Quantum communications research laboratory

Physics research at Heriot-Watt University spans from understanding the fundamentals of nature at a quantum level through to the application of physics techniques in applications as diverse as astronomical instrumentation to cell manipulation.

At Heriot-Watt University our research is organised by Research Institute rather than Academic Discipline.  Our Physics Academic staff are members of our research institutes that best reflect their expertise, with the majority of our staff in the Institute of Photonics and Quantum Sciences (IPAQS)  and the Institute of Biological Chemistry, Biophysics and Bio-Engineering (IB3).

If your interest is in a particular research area, you should explore the Research Institute web pages, where you can find more details about their current research activities.

To give you a feel for the range of research currently underway at Heriot-Watt University we have selected a few highlights of our recent work below. 



Artificial Black Holes from Lasers

Researchers in the Extreme Light group are expanding our understanding of light at its extremes. This might be very intense light or light at its weakest, at the single photon level. By combining these two extremes it is possible to use intense light to warp the spacetime structure perceived by photons. An exciting application is the ability to study black-hole physics and quantum electrodynamics in curved space-time geometries. Properly controlled and intense laser pulses create the analogue of a black hole event horizon that may thus be studied in the laboratory.  To find out more about this work please see our short video.

3D Imaging using Photon Counting

In recent years, application areas for three–dimensional (3D) imaging have emerged in several fields, including manufacturing, defence, and geosciences. The new generation of 3D imaging systems based on  laser radar (ladar) offers advantages in many applications. Our approach using time–correlated single–photon counting (TCSPC) affords potential advantages over non–photon–counting approaches such as improved depth resolution in which it is possible to filter a scene by distance.  In this way it is possible to retrieve 3D shape information directly from the scene and separate an object of interest from background or foreground clutter by extracting a narrow depth range from the field of view. The advantage of detection of single–photon events means that the system can be used even when there is an average of less than one photon return event per pulse, which is critical in applications involving long–distance ranging. At kilometre ranges, the low photon return rates permit the use of high repetition rate, compact, low-power laser diodes, since it is not necessary to record a return on every outgoing laser pulse. There is growing interest in depth imaging, especially as photon–counting detector and acquisition technology continues to improve, permitting faster data acquisition at longer ranges. To find out more see our video below.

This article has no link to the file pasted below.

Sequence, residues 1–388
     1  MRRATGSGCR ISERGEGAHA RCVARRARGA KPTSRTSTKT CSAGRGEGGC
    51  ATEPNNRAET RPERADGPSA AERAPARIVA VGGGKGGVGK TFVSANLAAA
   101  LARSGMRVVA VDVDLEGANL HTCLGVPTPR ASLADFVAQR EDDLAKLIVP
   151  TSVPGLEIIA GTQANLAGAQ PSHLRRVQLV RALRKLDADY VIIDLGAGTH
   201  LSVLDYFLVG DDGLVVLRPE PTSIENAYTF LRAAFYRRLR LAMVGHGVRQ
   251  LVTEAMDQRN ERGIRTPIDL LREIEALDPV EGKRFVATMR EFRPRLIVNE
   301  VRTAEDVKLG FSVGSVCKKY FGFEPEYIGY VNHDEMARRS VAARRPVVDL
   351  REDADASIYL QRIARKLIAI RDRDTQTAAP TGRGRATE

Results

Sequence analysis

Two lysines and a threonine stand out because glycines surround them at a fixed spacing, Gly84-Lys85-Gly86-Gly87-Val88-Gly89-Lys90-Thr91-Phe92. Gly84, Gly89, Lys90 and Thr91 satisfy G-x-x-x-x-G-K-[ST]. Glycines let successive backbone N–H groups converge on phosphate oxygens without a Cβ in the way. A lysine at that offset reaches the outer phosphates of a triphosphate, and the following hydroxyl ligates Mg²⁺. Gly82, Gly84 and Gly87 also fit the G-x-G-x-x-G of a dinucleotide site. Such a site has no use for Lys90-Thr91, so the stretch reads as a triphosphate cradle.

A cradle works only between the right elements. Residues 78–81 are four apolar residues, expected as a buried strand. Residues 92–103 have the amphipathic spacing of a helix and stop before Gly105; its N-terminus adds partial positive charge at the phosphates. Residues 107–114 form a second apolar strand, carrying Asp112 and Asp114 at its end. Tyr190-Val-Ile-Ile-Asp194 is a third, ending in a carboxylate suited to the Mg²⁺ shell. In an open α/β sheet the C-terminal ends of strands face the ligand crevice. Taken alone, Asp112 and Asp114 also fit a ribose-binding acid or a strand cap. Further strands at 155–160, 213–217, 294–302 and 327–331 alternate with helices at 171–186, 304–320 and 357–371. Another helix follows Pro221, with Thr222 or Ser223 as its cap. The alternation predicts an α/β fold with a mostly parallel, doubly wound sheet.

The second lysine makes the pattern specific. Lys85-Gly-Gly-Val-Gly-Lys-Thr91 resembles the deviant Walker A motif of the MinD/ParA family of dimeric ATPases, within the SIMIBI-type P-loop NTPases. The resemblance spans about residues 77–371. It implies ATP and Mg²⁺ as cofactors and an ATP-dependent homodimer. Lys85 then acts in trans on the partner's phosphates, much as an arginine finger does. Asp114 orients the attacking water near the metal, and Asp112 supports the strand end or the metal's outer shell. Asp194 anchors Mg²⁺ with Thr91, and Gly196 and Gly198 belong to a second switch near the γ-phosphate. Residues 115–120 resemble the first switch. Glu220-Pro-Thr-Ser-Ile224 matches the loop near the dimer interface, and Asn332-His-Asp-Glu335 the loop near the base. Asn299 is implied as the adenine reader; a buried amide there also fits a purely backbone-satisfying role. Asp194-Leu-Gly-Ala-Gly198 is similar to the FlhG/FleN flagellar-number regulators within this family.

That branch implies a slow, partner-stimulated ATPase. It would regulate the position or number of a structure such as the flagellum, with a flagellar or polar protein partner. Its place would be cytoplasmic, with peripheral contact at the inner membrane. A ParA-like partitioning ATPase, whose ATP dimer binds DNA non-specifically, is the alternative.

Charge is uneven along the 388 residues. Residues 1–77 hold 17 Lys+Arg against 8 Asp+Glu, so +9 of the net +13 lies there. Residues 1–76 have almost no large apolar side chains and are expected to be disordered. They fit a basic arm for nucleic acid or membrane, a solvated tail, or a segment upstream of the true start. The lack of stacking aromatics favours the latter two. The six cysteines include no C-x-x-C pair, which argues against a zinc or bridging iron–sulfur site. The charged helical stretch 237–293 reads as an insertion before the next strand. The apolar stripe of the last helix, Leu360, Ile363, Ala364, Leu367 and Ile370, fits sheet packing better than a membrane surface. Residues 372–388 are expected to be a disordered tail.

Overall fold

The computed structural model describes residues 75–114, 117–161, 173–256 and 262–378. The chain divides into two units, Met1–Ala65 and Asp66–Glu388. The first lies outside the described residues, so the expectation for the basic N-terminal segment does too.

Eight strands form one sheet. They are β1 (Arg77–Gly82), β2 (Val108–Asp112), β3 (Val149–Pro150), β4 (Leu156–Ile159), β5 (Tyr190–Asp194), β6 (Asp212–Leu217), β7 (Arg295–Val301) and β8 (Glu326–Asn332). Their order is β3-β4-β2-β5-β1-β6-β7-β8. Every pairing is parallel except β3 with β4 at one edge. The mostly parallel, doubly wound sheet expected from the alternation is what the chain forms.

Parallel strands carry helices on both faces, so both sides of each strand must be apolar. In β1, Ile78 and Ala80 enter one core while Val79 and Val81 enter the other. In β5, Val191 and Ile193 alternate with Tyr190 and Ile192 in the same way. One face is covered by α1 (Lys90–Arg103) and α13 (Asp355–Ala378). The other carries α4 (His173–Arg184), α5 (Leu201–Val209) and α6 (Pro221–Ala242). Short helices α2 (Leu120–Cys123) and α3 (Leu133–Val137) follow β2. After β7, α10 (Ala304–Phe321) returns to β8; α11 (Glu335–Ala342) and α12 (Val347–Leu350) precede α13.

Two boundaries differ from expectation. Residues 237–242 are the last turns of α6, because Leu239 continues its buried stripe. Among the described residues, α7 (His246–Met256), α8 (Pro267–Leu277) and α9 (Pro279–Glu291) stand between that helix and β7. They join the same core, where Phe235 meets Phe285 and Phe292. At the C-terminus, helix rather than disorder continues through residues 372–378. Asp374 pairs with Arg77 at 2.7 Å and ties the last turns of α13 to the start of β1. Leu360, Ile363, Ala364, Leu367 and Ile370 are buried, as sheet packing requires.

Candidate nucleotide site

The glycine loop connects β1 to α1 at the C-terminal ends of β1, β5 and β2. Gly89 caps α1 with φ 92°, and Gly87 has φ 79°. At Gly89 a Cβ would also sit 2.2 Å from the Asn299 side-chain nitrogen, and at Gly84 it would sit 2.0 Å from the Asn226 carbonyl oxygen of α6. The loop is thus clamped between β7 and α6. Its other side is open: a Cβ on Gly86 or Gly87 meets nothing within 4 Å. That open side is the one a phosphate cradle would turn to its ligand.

Seeing Around Corners using Lasers

High sensitivity photodetectors are able to measure light at the single photon level. Single photon measurements are usually performed using single pixel 'SPAD' detectors - our collaborators at Edinburgh University have developed state of the art detector arrays that are capable of delivering images of single photons. We are using these cameras to push the limits of imaging technology. For example we are using such quantum imaging to detecting objects that are hidden from view, e.g. by a wall or a dense, scattering medium. Learn more from our video.